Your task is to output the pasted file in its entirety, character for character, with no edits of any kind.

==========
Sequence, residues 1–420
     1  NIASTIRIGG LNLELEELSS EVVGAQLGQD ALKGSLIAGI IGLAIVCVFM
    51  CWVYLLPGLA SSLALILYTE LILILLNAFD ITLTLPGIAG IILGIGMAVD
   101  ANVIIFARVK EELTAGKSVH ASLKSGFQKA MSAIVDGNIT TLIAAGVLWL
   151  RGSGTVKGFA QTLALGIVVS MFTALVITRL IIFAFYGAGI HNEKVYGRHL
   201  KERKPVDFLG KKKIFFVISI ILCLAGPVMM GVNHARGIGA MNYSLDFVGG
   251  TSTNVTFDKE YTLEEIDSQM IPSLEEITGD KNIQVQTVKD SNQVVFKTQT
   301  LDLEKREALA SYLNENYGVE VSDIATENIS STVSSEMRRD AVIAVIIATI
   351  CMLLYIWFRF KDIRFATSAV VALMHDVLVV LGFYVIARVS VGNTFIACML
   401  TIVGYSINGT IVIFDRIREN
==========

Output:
Sequence, residues 1–420
     1  NIASTIRIGG LNLELEELSS EVVGAQLGQD ALKGSLIAGI IGLAIVCVFM
    51  CWVYLLPGLA SSLALILYTE LILILLNAFD ITLTLPGIAG IILGIGMAVD
   101  ANVIIFARVK EELTAGKSVH ASLKSGFQKA MSAIVDGNIT TLIAAGVLWL
   151  RGSGTVKGFA QTLALGIVVS MFTALVITRL IIFAFYGAGI HNEKVYGRHL
   201  KERKPVDFLG KKKIFFVISI ILCLAGPVMM GVNHARGIGA MNYSLDFVGG
   251  TSTNVTFDKE YTLEEIDSQM IPSLEEITGD KNIQVQTVKD SNQVVFKTQT
   301  LDLEKREALA SYLNENYGVE VSDIATENIS STVSSEMRRD AVIAVIIATI
   351  CMLLYIWFRF KDIRFATSAV VALMHDVLVV LGFYVIARVS VGNTFIACML
   401  TIVGYSINGT IVIFDRIREN